Herceptin seems to have a number of side effects that are begining to come to light. Unfortunately the receptors found in Herceptin seem to get in the way of other cell receptors in the body as well – notably in the heart and lungs (clin. breast cancer, 2002; suppl 2:275-9). It appears that heart damage seems to occur in around 1 in every 25 patients and in up to 40% of cases the following side effects can occur:

  • severe flu like symptoms
  • nausea and vomiting
  • fatigue
  • closing of the throat
  • swelling of tongue, hands, lips and feet
  • rashes and hives
  • lung problems
  • coughing
  • fast and/or irregular heartbeat
  • heart failure
  • shaking, dizziness and a feeling of weakness
  • respiratory distress
  • fever and/or chills
  • headache
  • white blood cell count anaphylactic shock

Currently, research has suggested that there is a 50% increase in the survival rate of patients taking Herceptin. However, when you look at the figures it reads more like 12%, this is because 75.4% of patients were found to be disease free after three years on conventional treatment, whilst 87.1% were disease free after three years on Herceptin.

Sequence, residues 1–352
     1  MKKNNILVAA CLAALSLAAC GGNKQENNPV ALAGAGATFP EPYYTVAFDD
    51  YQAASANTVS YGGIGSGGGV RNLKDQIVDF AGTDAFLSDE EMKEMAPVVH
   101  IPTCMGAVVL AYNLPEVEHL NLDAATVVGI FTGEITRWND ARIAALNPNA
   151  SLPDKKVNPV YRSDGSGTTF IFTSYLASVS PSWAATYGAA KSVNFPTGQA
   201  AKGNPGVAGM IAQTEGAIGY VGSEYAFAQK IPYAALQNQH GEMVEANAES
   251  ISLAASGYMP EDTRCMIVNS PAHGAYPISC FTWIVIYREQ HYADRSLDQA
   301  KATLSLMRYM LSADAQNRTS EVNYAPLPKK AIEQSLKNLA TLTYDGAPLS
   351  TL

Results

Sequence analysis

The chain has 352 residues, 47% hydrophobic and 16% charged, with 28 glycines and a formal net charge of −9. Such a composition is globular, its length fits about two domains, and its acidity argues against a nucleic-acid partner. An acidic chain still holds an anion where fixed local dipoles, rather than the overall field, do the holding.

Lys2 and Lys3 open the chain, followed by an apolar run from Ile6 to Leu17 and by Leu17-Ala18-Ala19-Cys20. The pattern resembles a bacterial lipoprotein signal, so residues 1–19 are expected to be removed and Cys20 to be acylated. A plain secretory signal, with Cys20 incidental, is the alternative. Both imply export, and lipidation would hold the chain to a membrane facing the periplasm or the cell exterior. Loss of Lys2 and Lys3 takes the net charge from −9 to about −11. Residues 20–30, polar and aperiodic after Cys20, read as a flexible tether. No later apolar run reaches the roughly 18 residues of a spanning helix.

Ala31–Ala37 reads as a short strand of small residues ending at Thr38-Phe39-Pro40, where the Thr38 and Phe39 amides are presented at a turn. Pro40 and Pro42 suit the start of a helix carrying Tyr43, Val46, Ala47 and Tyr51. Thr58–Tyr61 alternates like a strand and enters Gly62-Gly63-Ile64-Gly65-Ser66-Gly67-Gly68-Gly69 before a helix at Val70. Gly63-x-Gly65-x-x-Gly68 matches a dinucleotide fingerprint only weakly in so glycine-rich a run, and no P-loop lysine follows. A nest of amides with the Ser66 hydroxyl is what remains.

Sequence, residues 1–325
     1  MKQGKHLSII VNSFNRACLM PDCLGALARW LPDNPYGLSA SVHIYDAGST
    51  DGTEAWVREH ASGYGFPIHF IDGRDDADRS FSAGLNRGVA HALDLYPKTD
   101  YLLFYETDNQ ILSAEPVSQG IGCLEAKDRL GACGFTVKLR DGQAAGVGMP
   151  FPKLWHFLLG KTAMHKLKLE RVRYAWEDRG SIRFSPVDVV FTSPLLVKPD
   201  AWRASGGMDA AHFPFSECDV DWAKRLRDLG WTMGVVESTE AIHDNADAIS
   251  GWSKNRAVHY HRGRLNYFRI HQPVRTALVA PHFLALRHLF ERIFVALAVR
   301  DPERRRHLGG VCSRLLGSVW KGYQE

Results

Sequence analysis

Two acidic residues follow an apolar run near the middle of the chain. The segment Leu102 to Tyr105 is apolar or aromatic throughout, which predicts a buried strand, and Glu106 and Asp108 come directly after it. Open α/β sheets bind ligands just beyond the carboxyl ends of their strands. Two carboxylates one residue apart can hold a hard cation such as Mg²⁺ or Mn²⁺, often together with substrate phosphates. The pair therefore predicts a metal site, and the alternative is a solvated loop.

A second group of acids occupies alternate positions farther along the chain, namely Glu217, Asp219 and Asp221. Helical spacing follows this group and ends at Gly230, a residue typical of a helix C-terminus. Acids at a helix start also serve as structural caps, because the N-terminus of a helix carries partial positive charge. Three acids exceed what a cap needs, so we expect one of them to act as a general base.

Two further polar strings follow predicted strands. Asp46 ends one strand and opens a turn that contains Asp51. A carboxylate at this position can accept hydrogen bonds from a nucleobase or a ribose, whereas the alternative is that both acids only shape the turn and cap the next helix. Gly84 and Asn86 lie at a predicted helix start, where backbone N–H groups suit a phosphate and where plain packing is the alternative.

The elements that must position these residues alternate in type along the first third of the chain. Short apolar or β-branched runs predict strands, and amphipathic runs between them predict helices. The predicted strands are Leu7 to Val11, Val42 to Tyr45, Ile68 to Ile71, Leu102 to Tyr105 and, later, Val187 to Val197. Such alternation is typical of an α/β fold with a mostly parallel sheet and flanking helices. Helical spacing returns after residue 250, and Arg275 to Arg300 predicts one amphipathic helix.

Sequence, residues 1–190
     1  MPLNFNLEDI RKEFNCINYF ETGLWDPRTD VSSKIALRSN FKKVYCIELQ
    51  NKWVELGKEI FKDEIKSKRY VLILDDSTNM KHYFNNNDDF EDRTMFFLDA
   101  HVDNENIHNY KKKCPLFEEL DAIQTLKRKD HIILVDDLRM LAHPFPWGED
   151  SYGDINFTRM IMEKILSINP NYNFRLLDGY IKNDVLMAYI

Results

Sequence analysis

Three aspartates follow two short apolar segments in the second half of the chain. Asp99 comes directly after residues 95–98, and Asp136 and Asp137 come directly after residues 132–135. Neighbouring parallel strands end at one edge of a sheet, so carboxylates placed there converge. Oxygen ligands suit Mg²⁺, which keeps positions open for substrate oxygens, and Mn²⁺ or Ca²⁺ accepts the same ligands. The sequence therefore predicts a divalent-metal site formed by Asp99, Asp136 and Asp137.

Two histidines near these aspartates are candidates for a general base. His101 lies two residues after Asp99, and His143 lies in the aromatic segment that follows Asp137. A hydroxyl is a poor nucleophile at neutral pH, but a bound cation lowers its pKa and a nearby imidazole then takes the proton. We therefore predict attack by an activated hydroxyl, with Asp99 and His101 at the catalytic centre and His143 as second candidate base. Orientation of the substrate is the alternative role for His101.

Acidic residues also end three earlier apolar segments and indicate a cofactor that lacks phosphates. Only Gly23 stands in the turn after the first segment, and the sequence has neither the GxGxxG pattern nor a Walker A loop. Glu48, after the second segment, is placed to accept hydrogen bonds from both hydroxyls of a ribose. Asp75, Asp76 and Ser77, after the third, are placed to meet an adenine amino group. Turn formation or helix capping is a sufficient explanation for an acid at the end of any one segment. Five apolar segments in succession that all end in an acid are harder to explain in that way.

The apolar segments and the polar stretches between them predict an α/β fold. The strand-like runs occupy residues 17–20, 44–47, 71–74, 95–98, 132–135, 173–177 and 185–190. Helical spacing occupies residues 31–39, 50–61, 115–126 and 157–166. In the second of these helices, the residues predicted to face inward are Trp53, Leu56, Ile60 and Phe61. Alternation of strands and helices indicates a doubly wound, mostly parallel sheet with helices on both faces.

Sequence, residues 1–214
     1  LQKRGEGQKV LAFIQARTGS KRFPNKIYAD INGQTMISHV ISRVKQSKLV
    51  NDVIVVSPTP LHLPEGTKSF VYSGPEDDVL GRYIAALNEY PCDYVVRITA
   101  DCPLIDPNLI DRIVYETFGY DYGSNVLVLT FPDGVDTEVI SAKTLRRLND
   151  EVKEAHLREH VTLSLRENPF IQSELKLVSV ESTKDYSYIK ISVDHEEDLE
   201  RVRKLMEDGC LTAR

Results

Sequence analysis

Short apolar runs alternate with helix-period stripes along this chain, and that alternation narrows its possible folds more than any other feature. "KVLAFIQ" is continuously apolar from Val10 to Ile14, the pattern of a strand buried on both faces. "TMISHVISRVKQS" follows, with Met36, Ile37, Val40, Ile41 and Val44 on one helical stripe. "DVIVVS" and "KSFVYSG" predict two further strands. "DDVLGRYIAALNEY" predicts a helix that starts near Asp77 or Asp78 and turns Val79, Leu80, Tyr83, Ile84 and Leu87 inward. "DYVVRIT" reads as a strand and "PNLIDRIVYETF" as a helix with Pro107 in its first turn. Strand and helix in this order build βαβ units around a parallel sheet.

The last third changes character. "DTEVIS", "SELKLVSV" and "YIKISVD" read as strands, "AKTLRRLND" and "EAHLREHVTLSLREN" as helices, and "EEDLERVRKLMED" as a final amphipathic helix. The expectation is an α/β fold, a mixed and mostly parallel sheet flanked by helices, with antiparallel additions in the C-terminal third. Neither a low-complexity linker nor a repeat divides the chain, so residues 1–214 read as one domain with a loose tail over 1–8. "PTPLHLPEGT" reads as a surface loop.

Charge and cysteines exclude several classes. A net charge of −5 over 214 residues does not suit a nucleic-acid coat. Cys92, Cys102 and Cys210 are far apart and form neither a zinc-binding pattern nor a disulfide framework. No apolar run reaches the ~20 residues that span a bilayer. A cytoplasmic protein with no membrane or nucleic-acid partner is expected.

In other trials Hercpetin has increased the death rate after three years from 91.7% to 94.3%, which is an icrease of just 3% and in one trial that compared Herceptin to no treatment at all the death rates ‘were NOT significantly differnent’ with just over 2% deaths for no treatment to just under 2% of deaths with Herceptin.

It’s all in how you read the figures, sure the study might show a 33% increase in survival, but that 33% comes from the difference between 8% and 5%!

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